Jan. 03 2013 06:50 PM
Matthew from Tulsa, Ok

In regards to the transcendental experiences which are talked about...I call that day a higher degree maybe? I've done it many times. At least my experiences seem to be similar to those on LSD. Never really gave it much thought until my adult life. Maybe Im being too simplistic as I've never done LSD so I cannot compare. However I will say this about people's inability to describe it: You know when you have an epiphany about something, but if you don't write down your thought you lose it? I imagine it's something like that. It's there but you can't quite explain it.
Great show guys.

Jan. 02 2013 08:54 PM
Dan Bollerud from Anchorage

I just listened to your program on Bliss. In college, back in the late 60's I took a class from W. John Weilgart on aUI or what he called the language of space. It too was based on symbols and meant to be a universal language. I don't think it went very far, but I still find myself using it as a type of shorthand language. there is a web site for it at: Symbols and Sounds of the Language of Space

Jan. 02 2013 12:55 PM
Nan from California

I LOVED the story on Aleksander Gamme. I can't stop watching his video! It is wonderful.
Thanks so much for that story, as well as the others included in Bliss.

Jan. 02 2013 12:33 AM
Megan Ward from Boone, NC

Loved this episode! We were in Banff for the Film & Book Festival and saw the video of Aleksander Gamme. Thank you so much for tracking him down and talking to him! What an inspiration.

Dec. 25 2012 12:42 PM
Tony from Sydney, Australia

My grandfather Joseph bought a dry cleaning business from Charles Bliss in 1956 in Sydney's Kings Cross called Bliss Dry Cleaning. Joseph came to be known to his customers as Mr Bliss and continued under the name till the mid 90s.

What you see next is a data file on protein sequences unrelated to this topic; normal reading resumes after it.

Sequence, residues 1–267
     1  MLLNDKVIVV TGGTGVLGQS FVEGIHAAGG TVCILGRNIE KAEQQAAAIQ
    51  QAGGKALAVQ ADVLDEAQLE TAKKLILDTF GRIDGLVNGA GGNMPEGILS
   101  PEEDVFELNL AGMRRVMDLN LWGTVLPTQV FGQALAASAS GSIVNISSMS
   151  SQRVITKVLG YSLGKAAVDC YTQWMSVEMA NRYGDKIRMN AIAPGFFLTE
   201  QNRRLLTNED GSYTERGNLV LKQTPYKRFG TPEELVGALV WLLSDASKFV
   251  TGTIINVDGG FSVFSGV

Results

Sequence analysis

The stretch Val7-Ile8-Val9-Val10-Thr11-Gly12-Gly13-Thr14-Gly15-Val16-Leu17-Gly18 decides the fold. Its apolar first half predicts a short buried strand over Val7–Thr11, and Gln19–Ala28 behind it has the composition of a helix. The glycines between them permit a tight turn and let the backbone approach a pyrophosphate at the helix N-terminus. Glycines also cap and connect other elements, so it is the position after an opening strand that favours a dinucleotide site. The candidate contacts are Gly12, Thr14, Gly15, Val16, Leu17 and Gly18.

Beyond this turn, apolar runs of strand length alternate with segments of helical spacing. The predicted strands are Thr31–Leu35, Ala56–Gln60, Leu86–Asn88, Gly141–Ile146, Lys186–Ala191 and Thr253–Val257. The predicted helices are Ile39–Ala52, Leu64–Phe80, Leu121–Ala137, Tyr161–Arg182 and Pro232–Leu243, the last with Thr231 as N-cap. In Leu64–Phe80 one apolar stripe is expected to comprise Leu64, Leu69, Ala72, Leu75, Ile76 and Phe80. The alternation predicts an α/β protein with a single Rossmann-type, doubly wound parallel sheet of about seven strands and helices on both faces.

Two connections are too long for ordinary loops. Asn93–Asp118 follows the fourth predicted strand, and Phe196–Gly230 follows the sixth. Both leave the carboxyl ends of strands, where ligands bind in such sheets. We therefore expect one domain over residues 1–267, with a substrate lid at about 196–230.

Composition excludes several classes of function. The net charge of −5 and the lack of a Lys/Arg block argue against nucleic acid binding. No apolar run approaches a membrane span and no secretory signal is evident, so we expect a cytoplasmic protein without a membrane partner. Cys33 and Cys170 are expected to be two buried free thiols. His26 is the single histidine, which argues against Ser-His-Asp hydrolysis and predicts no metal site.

Charles Bliss mentored Joseph and taught him the ropes with regards to running a dry cleaning business. He was always spoken about warmly in our house. I'd like to thank Tim Howard for his impeccably researched piece and especially for sending me an MP3 of Joseph saying some words at Mr Bliss's funeral in 1985. I'm still amazed how Tim uncovered this tiny excerpt from my grandfather's long life and I thank him for bringing Joseph back to life for those brief minutes.

Finally while Bliss's actions towards the end of his life appear to be such selfish acts, I believe they should be viewed in light of the fact that he saw his language as a means to reverse the horrors he had witnessed during the holocaust. This perhaps explains why he could not accept the changes made to the language by these wonderful teachers. To him they threatened to derail his universalist vision of a world cured of the moral failures the holocaust presented. This extreme idealism prevented him from accepting the good that his language was doing for some - in this case he couldn't see the trees for the forest...

Dec. 25 2012 03:25 AM
Kerim Friedman from Hualien, Taiwan

I loved this episode; however, there were two errors in the segment on Bliss which need to be corrected.

The first was in the discussion of the Chinese language. While it is clear that the views presented relate to Mr. Bliss' understanding of Chinese rather than being factual statements about Chinese writing, his views closely mirror common misconceptions about the Chinese language and the producers should have taken the time to correct these misperceptions. The first is the ideographic myth. Most Chinese characters (an estimated 90%) do not represent ideas but sounds. The second is the claim that one Chinese character = one word. In fact, most "words" are written with a combination of two or more characters, each character representing a syllable.

The second was a claim by the producer that no language or system he "knows of" (again bad science being reported under the cover of personal opinion) represents whether something is a fact or an opinion. I refer you to the Wikipedia page on "evidentiality."

While I understand the need to stay focused on the story (and it was a delightful story), I believe the story would have been improved if it had avoiding these obvious errors.

Dec. 22 2012 08:24 PM
Abby from NYC

So, having never heard of Charles Bliss, and now only partway though the podcast, I come across another mention of him in The New Yorker in an article by Joshua Foer (Utopian For Beginners) about John Quijada, an amateur linguist with a not dissimilar experience. Fascinating! Thanks, as always for a marvelous show.

Dec. 21 2012 08:18 AM
Jeff from Canada

Love that video of Aleksander Gamme, I can honestly say that I don't think I have ever felt that happy, and that makes me sad.

The truth is that I have it so good that I don't think anything beyond winning the lottery could make me feel like that. Don't get me wrong, my life isn't a perfect fairytale, but it lacks a certain hardship which I think if experienced every once in a while would make the good things in life that much sweeter.

Dec. 20 2012 01:59 PM